Why In News
A recent meeting of the Confederation of Real Estate Developers’ Associations of India (CREDAI) in London was dominated by discussions over the Real Estate (Regulation and Development) Act 2016, better known as RERA, with industry representatives voicing their concerns particularly over the legislation’s impact on ongoing projects.
RERA AND CONCERNS
- RERA, brought in to protect the interests of home buyers, and codify the running of the sector (with the aim of boosting investment in real estate over the long term) came into force on May 1, with individual States required to declare the rules within a 90 day period.
- Under the law, developers have 90 days to register ongoing projects.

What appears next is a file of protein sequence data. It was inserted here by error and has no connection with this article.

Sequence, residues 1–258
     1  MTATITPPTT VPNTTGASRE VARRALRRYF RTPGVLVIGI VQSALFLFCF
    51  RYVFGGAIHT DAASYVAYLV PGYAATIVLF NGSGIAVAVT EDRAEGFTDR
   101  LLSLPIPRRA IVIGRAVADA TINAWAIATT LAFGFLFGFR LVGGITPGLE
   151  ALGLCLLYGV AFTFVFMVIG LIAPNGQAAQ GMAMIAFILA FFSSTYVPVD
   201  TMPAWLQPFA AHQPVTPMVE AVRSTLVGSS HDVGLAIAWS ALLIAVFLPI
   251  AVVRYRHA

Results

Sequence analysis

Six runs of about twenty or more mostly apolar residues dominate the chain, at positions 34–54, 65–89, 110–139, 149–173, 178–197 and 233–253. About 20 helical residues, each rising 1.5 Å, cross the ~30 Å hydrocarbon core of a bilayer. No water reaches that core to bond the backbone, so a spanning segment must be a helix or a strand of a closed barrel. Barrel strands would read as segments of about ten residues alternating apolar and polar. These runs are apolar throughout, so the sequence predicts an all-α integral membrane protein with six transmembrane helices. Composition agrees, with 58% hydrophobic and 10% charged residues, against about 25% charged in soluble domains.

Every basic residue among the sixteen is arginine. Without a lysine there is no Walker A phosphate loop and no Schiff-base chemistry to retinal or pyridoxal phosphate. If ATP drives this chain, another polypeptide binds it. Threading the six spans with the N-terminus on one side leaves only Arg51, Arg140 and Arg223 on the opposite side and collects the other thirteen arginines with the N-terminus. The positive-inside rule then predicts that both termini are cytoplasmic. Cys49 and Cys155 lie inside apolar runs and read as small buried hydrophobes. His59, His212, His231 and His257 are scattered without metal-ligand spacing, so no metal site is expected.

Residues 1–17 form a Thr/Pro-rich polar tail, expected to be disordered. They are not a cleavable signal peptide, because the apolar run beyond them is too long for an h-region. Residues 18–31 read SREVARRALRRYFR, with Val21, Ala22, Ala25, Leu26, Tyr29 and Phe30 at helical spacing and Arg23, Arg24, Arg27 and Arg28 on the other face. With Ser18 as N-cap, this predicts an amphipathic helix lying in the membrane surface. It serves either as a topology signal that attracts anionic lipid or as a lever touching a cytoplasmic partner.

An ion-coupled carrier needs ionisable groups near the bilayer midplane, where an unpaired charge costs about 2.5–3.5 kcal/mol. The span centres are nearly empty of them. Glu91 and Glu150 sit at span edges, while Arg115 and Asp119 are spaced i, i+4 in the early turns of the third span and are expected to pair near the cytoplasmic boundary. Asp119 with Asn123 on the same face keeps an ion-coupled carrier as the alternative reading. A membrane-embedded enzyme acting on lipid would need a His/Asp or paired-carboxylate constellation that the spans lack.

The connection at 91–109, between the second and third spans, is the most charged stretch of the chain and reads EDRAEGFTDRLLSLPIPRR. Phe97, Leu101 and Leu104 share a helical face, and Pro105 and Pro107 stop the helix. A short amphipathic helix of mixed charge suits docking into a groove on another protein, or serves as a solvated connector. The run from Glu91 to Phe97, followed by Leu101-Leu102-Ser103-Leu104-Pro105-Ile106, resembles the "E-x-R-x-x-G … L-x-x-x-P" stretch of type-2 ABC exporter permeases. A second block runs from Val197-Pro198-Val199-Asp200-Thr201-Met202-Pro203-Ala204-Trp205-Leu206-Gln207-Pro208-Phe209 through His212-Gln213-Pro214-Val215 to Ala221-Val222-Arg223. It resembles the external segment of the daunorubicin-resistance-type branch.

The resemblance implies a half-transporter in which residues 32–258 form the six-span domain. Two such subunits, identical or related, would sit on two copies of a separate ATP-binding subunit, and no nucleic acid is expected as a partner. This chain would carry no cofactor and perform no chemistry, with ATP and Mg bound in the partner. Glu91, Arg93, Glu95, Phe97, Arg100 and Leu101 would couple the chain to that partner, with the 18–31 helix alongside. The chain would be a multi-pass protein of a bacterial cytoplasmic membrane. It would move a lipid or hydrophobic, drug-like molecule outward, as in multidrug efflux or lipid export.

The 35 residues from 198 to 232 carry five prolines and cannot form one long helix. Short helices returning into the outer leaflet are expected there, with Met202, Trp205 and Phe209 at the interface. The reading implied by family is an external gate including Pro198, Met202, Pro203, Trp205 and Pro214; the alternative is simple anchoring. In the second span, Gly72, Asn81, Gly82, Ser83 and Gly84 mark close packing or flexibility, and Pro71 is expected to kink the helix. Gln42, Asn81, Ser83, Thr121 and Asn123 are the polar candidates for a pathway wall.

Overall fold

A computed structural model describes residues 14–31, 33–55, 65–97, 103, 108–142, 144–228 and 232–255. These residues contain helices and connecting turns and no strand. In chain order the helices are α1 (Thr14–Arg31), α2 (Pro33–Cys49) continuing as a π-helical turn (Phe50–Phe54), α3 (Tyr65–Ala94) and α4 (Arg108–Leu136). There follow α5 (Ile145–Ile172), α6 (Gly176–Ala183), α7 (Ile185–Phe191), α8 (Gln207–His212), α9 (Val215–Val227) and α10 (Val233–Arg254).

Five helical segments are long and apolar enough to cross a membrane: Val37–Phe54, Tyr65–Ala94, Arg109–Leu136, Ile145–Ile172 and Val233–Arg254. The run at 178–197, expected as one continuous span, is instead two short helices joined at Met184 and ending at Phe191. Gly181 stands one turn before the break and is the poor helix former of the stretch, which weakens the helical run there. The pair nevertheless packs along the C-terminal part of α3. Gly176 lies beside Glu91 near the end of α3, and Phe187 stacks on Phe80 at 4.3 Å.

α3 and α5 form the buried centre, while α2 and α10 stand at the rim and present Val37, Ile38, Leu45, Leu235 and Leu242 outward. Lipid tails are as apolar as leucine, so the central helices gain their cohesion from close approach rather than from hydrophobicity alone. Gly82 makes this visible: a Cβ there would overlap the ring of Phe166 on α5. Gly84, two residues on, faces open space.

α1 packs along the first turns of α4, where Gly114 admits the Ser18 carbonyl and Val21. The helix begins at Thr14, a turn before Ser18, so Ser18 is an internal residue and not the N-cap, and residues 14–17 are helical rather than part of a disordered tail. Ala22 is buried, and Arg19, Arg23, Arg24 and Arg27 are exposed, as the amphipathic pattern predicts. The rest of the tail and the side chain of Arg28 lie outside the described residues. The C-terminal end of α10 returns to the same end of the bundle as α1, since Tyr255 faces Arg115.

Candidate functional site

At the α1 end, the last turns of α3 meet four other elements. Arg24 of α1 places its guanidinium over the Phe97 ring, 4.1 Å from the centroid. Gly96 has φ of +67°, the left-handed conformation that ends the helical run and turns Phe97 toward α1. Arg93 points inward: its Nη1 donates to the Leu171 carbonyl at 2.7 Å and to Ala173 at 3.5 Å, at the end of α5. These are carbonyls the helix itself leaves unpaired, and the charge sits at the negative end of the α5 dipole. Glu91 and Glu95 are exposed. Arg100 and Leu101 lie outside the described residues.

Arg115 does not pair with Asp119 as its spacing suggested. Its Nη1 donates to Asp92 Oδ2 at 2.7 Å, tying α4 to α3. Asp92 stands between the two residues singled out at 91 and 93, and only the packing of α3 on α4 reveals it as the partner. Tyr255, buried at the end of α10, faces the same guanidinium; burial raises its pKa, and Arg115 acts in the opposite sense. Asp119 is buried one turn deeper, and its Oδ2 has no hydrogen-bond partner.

- It will help weed out unscrupulous developers and set higher standards.
- Its members are concerned about the provisions regarding ongoing projects, warning that it could have long term, negative reverberations for the industry, ultimately hitting supply and pricing.
- Part of the problem lies around the lack of clarity on what constitutes an ongoing project .
- Argued that the law, when it comes to ongoing projects, is actually unimplementable in several ways ranging from.
- The treatment of common areas in buildings to the defect liability period,
- To the legislation’s requirement that 70% of proceeds from the project be placed in a separate account.
- Developers have been struggling to meet the 90-day registration process, leaving them potentially in breach of the legislation, and unable to market or sell their projects.
- In the legislation there is no place where we can go as developers, if we don’t get a completion certification in time for a completed project, there is no provision if developers don’t get the electricity connection, the water for my completed project.
Topic : Development Studies
Source : The Hindu